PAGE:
Another School of Economic and Social Rights Successfully Completed

This year we finally succeeded in organizing a part of the School of Economic and Social Rights live! In previous years, this was not possible due to the Covid pandemic.

We opened the School with a block of live lectures, giving us an opportunity to get to know each other better and have informal conversations between students and lecturers. As every year, we dedicated the introductory lectures to the definition of economic and social rights in the context of the human rights protection system.

After the introductory lectures, the participants had the opportunity to listen to the guest lecturer, Imogen Richmond Bishop, from the Amnesty International, who spoke about the (negative) impact of technology on economic and social rights, bringing up the topic of the Law on Social Card. Imogen also presented examples of automation of the Social Protection Systems in other countries and compared them with the law introduced in Serbia.

In the period from December to February, we organized online sessions. We talked about the right to work, social protection, housing, discriminatory practices, state obligations and the influence of international institutions. During the session on labor rights, we tackled the issue of difficulties of union associations in the context of general precarization of labor relations and one of the lecturers, Sandra Kasunić, from the Center for Peace Studies, said that the excellent discussion that took place during the session is a proof of how important is to shift from the theoretical discussion to the real life experience when talking about economic and social rights. This is something that the School of Economic and Social Rights has succeeded in for the third year in a row and that makes it unique in the field of human rights education.

The other lecturers also share the impression that talking about everyday experiences in an apprehensible way is one of the great advantages of the School, and this is one of our main goals: to provide adequate and comprehensive knowledge, but to make communication comprehensible even to those who are not legal professionals. Personal experiences and perceptions always open up space for discussion and debate on challenges from a different perspective, said Marina Simeunović, who was a lecturer this year, while her colleague, Jelena Kasunović added, “Perhaps the motivation for the participants to focus on their professional development can be the fact that first I participated in the School as a student, and then I got the opportunity to be a lecturer.” Our idea is to inspire the participants to continue their research and to extend the cooperation even after the School ends.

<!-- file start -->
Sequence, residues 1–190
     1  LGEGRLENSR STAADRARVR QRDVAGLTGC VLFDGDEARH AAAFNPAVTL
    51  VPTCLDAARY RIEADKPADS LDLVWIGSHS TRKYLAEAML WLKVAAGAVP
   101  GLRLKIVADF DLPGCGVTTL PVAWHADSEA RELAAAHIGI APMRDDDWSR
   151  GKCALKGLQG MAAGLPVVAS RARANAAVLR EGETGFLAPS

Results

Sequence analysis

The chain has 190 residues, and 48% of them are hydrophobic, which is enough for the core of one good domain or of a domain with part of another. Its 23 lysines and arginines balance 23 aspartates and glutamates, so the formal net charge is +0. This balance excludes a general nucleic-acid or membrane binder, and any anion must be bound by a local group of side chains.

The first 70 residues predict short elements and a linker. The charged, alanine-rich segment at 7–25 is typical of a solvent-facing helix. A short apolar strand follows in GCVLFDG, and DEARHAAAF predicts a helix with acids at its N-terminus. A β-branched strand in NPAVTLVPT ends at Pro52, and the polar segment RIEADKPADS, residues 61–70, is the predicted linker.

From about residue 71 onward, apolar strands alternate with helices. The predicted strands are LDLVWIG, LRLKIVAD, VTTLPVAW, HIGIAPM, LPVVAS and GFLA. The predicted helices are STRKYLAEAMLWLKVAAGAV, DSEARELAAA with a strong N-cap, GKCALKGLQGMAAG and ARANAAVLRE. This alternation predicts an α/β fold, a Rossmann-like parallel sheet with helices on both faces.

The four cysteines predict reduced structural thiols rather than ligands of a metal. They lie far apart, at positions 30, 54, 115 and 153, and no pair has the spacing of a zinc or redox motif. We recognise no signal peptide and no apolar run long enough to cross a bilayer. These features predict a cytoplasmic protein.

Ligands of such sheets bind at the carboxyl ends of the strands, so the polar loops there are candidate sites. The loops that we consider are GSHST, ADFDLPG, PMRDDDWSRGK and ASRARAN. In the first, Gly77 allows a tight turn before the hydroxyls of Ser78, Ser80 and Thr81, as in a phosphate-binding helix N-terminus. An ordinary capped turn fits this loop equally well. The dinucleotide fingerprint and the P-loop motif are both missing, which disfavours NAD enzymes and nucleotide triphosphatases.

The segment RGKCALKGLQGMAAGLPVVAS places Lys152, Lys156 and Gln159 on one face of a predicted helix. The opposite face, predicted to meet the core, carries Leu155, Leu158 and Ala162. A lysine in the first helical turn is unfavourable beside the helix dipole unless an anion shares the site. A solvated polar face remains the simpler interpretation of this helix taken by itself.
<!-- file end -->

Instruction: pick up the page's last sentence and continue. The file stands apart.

Listening to individual interests of the participants and following the discussions that took place during the School allowed us to design the third block of lectures, which also represented the end of the School. This block also took place live, which again allowed us to exchange experiences and opinions more informally in addition to attending standard lectures.

As before, lecturers and participants came not only from Serbia, but also from the region. Through the regional exchange of good and bad practices, we gain an insight into the extent to which we share problems in the sphere of economic and social rights and in which ways networking allows us to solve them faster.

Instead of writing a conclusion, we leave it to one of our participants to complete the story of the School: Organization, hospitality and cordiality have left the biggest impression on me. The organizers thought of every single detail and provided us with really useful material. The lectures were very interesting and interactive, and the lecturers tried to bring the seemingly abstract subject closer to us. In the end, what left the best impression on me was the international character of the School. In the past months, through the School program, I had the opportunity to discuss with colleagues from Serbia, Croatia and Bosnia and Herzegovina. In this way, I gained insight into systemic problems that are more or less the same in the countries in the region. The School and Belgrade will remain in my fond memories, and I look forward to future collaboration – Medina Bejtović.

Next fall, a new cycle of the School awaits us. Follow our website and social media and join the already traditional, regional program on human rights.